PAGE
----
HWelsh wrote 1111 days ago

Hi Alan,
I've just read the first 3 chapters. I must say it is well written and realize you have obvious talent. I will read more later at the moment I'm still writing. One thing though. I wonder why the air force decided to attack the flying object before it found out if they were peaceful, or maybe theres a reason given in a further chapter. Still I've decided to back your book and am looking forward to reading more later.

DLT wrote 1112 days ago

Awesome stuff man! I'll be back to read through more chapters. Wish I could purchase this on a book shelf!

Patrick Brockers wrote 1113 days ago

Hi, Allan:
Nice to read your book. I read David's Mankind's end last week and he recommended me your book. I think I will enjoy reading your book as well.

Patrick Brockers wrote 1113 days ago

Hi, Allan:
Nice to read your book. I read David's Mankind's end last week and he recommended me your book. I think I will enjoy reading your book as well.

Hero Xie wrote 1115 days ago

I like you book very much! Thanks to my friends Gary Xie and David Welch' recommendation I got the chance to know you and your book! Keep going~ I will back up you~!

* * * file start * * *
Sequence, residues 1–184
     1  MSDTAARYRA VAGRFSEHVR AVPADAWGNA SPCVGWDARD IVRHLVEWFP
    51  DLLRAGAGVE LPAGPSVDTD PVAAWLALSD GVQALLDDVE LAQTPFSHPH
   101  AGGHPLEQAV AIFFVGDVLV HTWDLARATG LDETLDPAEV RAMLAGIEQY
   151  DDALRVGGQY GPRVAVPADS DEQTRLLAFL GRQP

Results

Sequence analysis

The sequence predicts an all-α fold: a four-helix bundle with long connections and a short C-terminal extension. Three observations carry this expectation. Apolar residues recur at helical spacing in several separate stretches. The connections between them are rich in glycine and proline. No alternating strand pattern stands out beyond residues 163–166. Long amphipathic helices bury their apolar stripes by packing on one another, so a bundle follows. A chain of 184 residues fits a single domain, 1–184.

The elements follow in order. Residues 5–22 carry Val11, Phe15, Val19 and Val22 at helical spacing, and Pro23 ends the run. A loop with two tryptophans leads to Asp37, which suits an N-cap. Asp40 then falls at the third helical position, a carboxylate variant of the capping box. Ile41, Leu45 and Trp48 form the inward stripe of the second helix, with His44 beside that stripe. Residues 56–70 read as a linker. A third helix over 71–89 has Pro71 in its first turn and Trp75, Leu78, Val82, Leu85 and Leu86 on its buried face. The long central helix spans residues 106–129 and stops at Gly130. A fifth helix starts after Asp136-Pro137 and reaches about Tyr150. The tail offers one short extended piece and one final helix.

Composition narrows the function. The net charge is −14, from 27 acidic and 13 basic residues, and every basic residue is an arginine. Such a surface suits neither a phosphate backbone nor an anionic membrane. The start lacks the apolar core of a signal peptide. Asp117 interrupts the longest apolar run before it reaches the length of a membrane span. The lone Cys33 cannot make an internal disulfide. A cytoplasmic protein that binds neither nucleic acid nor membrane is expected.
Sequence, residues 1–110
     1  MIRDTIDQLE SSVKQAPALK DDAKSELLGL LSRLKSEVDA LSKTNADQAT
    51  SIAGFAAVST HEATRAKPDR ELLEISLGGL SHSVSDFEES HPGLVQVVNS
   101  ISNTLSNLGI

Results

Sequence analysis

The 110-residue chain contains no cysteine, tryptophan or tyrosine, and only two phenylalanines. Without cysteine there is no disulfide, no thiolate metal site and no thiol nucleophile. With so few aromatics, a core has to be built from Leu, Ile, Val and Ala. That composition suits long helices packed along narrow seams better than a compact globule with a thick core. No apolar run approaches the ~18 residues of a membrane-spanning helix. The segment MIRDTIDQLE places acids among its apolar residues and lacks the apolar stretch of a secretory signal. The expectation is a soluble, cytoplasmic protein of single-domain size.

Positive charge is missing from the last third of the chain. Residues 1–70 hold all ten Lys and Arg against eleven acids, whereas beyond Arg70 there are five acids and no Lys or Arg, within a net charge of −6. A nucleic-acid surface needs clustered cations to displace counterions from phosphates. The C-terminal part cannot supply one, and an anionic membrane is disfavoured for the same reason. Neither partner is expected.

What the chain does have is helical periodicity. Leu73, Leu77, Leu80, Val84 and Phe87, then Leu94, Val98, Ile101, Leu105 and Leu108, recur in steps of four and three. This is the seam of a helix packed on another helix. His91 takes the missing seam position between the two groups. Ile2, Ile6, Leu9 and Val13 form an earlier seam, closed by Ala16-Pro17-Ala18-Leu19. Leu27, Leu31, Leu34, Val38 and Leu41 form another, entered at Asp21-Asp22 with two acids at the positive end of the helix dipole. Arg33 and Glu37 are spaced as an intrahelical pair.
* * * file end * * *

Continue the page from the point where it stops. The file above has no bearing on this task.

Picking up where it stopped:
Gary Xie wrote 1115 days ago

I've read the first three chapters of your book and found it quite interesting. I will read more later but have decided to back it and give it a good star rating. I'm glad my friend David Welch asked me to take a look.

Gideon McLane wrote 1122 days ago

"The Roswell Protocols" - Allan Burd. I read through chapter 3 (2 of Autonomy). Bookshelf for keeping the reader's interest (after a slow beginning). Some thoughts: major suggestion - flip your chapter 1 with your prologue - prologue is a little boring - you need to grab the reader immediately, not talk about how boring the airman's job and environment are to him (and the reader); chapter 1 - ". . . next eight hours..." delete "And he was." - is sentence fragment and redundant; chapter 2 - "Then a thunderclap..." - delete "Then"; "Then the rumbling. . ." - delete "Then"; I noted an overuse of "then" - you might want to check to see how often you use it and when possible delete it or rephrase the sentence. Hope this helps.

Gideon ("Thrill Writer's Remorse")

Roger Lawrence wrote 1126 days ago

I just found this. I like it and will read all you've done. Nice and pacey.

Frank James wrote 1130 days ago

Hi Allan,

I don't have a lot of problem with your work, I think It's a good read, right from the beginning. As is usual with me, if I like it I give it my BACKING and in this case, five stars. I would wish you all the best for the future.